Your money. HP pistols just feel so, so shitty in the hand.

Caelum 10-10-2012 06:18 AM

[QUOTE=Whistler's Booger;25100272]If you're just going to shoot a hundred rounds, why buy a gun at all? Just go rent one at a range...


If you ARE going to buy, I would seriously push you to buy something ... not junk. Something like a used glock or something. I would assume you'd pay bout $200 for a HP. You can find a used glock (or something else more credible) for about $300.


Your money. HP pistols just feel so, so shitty in the hand.[/QUOTE]

Yep yep yep and yep

RazorWind 10-10-2012 07:33 AM

[QUOTE=Whistler's Booger;25100272]If you ARE going to buy, I would seriously push you to buy something ... not junk. Something like a used glock or something. I would assume you'd pay bout $200 for a HP. You can find a used glock (or something else more credible) for about $300.[/QUOTE]
Curious: What do you mean by "more credible?"

Rancidpunk666 10-10-2012 08:47 AM

I wish I could find the hi point torture test video. They packed it full of mud and still fired. The only thing that killed it was hammering a bolt in the barrel. Good reliable gun. But for another 100 dollars you could get a river kp9 or sigma 9/40 new or a used m&p or glock

Whistler's Booger 10-10-2012 11:48 AM

[QUOTE=RazorWind;25100282]Curious: What do you mean by "more credible?"[/QUOTE]




how about a pistol that:

1. if someone came along and gouged out your eyeballs with a screwdriver and forced it into your hand your first response would be 'OMG you gouged out my eyes!' instead of "OMFG what is this piece of shit you just stuck in my hand!?!?!'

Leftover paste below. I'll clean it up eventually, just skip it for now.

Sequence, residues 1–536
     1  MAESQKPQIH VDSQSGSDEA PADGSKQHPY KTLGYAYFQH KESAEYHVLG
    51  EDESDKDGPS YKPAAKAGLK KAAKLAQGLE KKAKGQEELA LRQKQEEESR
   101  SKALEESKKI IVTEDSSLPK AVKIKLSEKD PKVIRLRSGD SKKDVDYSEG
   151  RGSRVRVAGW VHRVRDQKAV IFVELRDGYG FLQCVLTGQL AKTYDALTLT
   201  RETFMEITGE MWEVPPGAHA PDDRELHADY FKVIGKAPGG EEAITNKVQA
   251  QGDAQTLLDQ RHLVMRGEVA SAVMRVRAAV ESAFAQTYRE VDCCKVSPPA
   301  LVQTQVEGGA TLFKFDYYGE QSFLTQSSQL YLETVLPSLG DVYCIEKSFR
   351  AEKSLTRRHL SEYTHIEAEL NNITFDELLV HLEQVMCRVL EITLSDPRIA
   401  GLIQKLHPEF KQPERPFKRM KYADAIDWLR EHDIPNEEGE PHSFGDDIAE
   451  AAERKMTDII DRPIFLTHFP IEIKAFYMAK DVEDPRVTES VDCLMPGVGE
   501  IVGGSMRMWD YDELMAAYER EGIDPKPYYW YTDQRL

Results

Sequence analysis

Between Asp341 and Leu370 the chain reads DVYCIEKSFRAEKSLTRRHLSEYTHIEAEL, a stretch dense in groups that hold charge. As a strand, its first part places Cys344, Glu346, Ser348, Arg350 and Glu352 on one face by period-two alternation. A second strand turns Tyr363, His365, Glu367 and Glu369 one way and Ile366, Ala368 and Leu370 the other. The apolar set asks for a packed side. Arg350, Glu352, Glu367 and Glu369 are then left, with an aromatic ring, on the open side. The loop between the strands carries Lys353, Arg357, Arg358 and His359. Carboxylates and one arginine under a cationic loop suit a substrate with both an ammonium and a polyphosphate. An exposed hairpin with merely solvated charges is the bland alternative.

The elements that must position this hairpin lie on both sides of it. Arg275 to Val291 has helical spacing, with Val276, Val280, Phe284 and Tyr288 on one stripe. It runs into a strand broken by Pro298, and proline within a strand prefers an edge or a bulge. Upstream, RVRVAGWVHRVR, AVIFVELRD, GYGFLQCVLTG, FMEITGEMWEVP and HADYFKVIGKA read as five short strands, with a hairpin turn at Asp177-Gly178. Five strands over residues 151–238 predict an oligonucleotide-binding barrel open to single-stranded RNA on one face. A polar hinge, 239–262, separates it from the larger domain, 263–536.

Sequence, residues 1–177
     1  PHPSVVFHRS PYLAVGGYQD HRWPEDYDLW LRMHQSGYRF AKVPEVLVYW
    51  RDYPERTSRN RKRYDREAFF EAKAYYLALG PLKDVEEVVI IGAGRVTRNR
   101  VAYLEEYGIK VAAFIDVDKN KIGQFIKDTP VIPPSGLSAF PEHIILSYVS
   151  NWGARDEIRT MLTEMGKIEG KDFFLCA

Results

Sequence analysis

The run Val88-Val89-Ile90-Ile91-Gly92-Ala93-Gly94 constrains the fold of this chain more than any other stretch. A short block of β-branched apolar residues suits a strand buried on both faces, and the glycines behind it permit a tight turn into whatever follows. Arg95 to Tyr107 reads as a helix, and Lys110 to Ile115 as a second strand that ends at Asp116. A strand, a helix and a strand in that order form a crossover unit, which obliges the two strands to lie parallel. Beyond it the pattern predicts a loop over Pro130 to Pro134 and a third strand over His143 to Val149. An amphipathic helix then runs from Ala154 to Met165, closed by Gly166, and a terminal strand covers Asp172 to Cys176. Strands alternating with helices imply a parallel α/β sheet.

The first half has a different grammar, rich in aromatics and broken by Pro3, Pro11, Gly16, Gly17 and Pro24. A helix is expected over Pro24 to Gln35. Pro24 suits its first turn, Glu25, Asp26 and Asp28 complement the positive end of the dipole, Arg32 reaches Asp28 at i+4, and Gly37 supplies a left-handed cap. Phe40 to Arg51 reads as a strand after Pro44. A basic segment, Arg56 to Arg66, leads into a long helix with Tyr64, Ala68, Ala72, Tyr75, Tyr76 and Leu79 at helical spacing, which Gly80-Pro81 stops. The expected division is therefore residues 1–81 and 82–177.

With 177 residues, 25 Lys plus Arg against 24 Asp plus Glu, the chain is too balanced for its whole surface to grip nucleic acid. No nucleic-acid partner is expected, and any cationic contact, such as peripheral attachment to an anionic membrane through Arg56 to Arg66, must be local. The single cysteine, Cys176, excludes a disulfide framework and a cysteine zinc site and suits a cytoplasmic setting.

2. if you saw a police officer carrying it you wouldn't immediately think "wow, nice halloween costume" or "OMG holy shit this police impersonator is about to rob the place!!!"

3. if you saw it on the cover of a credible gun magazine in a positive light you wouldn't immediately look for the date of April 1 photoshopped onto the corner

4. a pistol that is capable of at least getting a hit SOMEWHERE ON THE PAPER AT NINE FUCKING FEET (some of them cannot. how a pistol can be so terrible that you can shoot repeatedly at a target 9 feet away and miss so terribly and have no idea where your bullets went is a special kind of suck)

5. a pistol that is at least engineered better than the $20 airsoft guns you can get at academy sports or WalMart


etc etc

RazorWind 10-10-2012 12:33 PM

[QUOTE=Whistler's Booger;25100292]4. a pistol that is capable of at least getting a hit SOMEWHERE ON THE PAPER AT NINE FUCKING FEET (some of them cannot. how a pistol can be so terrible that you can shoot repeatedly at a target 9 feet away and miss so terribly and have no idea where your bullets went is a special kind of suck)[/QUOTE]

:lol:

That can't be safe.

lollersk8s 10-10-2012 02:26 PM

[QUOTE=Jack's raging erection;25100210]+P is a half step toward magnum. All it really means is there's a larger powder charge behind the round. 9mm +P != .45 ACP. It just gives a little more muzzle velocity so it punches a little harder than standard 9mm. Also, what exactly are you expecting from the gun you intend to purchase? Is it strictly just a have fun down at the range gun? Do you want it for home defense?